Continued from page London a couple of years ago. It was cold, crisp winter evening and Ross Halfin and myself...
From page 54 of Classic Rock Magazine March 2010
Continued from page London a couple of years ago. It was cold, crisp winter evening and Ross Halfin and myself were sat in her room waiting for Tyler.
Erin was wearing a gossamer wisp of a designer skirt and when Ross pointed out that it was freezing outside, she just smiled, lifted up her dress, and stuck a couple of fingers between her legs. “It may be cold outside boys, but it’s hot in here!” she said as Tyler emerged from the bathroom to observe our paralysed expressions with a conspiratorial grin.
Today Tyler seems slightly edgy, especially about my appearance in Abu Dhabi. “Once the band hit the final note and the show is over, then I’ll tell you the whole story,” he promises. It never happens: all further attempts to interview the singer are rebuffed, with management telling us that, “regretfully, Steven has had to return to the East Coast quickly to immerse himself into some time sensitive endeavours that require his full attention.”
Outwardly Tyler looks OK. He has the beginnings of a beer gut that is at odds with his scrawny gait and with his hyperactive mannerisms and speed jive-talk that bounces off at surreal tangents, it’s difficult to tell if the man is out of it or his normal crazy self. The fact that a couple of months later he put himself back into rehab suggests the former.
At the time of the interview, Tyler was enthused about the break from the band and was still finishing his autobiography (entitled Does The Noise In My Head Bother You?). “It should be coming out in March/April,” he says. “It’s been a difficult run. The original transcripts were done while I was on tour with the band. It’s kind of hard writing a book between dates.”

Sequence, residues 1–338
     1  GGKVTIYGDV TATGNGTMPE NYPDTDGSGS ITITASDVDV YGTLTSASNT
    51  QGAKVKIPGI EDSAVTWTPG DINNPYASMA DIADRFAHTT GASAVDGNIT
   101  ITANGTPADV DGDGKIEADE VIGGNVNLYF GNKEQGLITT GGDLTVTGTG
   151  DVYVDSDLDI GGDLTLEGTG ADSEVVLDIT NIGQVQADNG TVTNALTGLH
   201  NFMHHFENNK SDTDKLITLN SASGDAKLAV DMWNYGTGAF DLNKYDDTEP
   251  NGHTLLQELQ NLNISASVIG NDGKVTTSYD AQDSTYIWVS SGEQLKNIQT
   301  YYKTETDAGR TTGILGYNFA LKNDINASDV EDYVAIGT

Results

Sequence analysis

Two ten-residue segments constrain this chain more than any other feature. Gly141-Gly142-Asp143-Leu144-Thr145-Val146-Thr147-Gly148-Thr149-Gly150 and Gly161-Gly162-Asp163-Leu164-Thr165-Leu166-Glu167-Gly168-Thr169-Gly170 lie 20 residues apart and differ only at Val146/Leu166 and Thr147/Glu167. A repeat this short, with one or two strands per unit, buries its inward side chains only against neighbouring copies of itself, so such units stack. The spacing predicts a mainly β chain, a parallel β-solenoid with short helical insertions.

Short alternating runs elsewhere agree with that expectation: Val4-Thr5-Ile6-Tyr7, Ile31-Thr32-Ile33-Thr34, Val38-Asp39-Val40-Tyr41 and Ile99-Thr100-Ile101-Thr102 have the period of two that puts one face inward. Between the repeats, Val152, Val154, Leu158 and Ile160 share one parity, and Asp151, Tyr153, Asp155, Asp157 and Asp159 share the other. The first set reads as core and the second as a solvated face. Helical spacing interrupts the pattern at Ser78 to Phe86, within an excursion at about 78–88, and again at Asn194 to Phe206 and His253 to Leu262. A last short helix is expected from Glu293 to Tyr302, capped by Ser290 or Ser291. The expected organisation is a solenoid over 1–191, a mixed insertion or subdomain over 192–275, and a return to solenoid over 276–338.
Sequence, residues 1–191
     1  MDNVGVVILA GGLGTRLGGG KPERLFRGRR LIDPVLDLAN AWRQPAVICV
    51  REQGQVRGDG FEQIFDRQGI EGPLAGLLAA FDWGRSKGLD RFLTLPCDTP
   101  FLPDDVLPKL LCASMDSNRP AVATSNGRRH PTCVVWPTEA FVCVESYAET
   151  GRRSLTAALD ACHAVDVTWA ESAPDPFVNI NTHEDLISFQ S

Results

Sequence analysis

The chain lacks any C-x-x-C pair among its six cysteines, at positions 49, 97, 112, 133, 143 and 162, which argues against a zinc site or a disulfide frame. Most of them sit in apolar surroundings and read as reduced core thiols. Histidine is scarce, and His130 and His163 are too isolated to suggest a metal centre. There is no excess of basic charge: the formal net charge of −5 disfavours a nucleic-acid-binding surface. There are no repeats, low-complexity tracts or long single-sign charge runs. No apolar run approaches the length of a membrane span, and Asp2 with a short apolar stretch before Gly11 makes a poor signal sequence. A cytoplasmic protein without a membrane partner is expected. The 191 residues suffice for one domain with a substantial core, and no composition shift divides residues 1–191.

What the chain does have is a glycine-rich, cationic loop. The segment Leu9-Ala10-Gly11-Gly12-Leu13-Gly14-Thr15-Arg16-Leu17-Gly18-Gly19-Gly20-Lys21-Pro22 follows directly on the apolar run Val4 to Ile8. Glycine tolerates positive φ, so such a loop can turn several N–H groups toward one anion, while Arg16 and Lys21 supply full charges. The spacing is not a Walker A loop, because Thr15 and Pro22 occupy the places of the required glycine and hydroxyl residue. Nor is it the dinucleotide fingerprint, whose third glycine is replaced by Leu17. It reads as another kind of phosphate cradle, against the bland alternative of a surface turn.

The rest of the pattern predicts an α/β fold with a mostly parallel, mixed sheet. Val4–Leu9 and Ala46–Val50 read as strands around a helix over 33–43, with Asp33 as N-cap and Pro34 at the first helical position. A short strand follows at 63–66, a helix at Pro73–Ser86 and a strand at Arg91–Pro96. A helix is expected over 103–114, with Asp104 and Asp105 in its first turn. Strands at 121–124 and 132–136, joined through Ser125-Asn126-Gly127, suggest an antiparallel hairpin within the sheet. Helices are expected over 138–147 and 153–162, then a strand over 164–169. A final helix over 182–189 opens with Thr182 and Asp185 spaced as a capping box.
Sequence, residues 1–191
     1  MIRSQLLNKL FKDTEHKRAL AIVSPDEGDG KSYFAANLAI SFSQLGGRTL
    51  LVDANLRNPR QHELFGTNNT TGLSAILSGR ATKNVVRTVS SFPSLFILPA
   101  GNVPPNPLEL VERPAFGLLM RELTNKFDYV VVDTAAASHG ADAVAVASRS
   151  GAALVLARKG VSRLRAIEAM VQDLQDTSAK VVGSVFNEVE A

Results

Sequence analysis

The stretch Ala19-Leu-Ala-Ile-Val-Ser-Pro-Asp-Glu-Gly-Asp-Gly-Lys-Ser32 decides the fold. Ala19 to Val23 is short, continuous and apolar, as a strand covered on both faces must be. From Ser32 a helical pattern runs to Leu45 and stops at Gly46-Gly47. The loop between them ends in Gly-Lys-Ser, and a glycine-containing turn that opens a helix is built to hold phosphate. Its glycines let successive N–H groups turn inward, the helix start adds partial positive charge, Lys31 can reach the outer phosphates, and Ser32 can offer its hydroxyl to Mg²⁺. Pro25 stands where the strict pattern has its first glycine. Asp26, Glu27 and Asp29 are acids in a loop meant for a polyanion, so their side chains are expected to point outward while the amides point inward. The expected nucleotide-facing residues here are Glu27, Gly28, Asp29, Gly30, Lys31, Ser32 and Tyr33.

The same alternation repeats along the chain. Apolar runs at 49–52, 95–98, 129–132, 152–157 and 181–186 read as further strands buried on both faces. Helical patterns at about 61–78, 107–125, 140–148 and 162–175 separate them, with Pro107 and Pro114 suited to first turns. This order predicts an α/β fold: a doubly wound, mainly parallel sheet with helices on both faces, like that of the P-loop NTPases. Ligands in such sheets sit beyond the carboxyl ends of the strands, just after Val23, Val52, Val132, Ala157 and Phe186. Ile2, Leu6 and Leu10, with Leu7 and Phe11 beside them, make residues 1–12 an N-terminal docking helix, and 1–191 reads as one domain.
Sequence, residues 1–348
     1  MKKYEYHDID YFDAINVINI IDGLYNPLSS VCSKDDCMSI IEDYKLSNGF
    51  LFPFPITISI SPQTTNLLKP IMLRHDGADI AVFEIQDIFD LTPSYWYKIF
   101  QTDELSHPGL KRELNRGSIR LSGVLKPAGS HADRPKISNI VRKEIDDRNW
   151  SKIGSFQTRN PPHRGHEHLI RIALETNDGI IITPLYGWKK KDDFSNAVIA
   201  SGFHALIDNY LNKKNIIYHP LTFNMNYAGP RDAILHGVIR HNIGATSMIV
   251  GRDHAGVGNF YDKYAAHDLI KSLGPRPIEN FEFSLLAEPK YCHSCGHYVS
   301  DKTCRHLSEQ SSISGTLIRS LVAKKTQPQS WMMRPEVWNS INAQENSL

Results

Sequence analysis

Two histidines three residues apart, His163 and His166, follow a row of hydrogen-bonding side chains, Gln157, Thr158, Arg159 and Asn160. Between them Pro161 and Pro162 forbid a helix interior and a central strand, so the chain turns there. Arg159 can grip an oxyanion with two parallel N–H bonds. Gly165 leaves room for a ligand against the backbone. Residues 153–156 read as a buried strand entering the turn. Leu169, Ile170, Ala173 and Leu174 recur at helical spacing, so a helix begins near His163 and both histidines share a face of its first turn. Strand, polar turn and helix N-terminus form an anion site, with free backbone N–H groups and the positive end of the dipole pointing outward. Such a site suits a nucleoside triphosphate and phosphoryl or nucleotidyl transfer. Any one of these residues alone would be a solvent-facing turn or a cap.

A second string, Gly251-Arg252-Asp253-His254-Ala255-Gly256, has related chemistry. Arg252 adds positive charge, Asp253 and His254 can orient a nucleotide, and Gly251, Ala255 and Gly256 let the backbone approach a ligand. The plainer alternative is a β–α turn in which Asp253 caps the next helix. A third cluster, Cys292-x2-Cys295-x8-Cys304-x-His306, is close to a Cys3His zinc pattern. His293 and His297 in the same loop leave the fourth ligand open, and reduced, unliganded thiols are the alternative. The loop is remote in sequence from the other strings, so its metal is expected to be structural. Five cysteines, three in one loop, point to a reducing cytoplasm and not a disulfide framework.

Still recovering from his fall, the dressing room is kitted out with exercise equipment and Tyler admits it has taken a couple of months to get well enough to do this show, which gave him more time to work on the book. But even with the current rift, he says he’s elated at playing in the United Emirates and has noticed that Aerosmith seem to still be capable of pulling in a new young audience. “Holy shit! Because of Guitar Hero there are 12 and 13 year old kids coming up and telling me the lyrics they like,” he enthuses. “And they know I wrote the lyrics, whereas on some of the albums it says ‘Tyler/Perry’ and people thought that Joe wrote the lyrics. I am the lyricist of this band. Joe’s got a tech to change his strings. I don’t have one to change my strings [laughs].
Some of us have to work a little harder, write the songs – but that’s what I love to do the most. I’ve got eight songs written for the solo record, whereas Joe has his own solo record out with some German guy singing on it. I wish him the best of luck. I’m not sure how it’s going. I don’t think the radio’s playing it.
I haven’t heard it. ”
As a lady behind us makes gestures that it’s time to wind up, I ask a by-nowanimated and communicative Tyler about his future with the band. “No matter what I do I am looked upon as the vocalist of Aerosmith,” he says. “So I can use that to my advantage. We don’t speak much anymore. I know Tom [Hamilton] is working on health issues and I just say my prayers for him. I’ve nothing but love for Tom. The band is so fucking great. It’s still the original guys, we’re still kicking ass and taking names.”
of the reasons for the current hiatus is because there are internal problems in the band and to be perfectly honest one of them is prescription drugs,”
says Joey Kramer, when we speak in Abu Dhabi before the show. “It needs to be dealt with and I’m
sure it will be. For younger people it’s easier to come in and out of using. But when you get to the point where you’re 61 years old [Tyler was 61 at the time of this interview] and you are abusing prescription drugs it’s much more difficult to stop. It’s about people, places and things.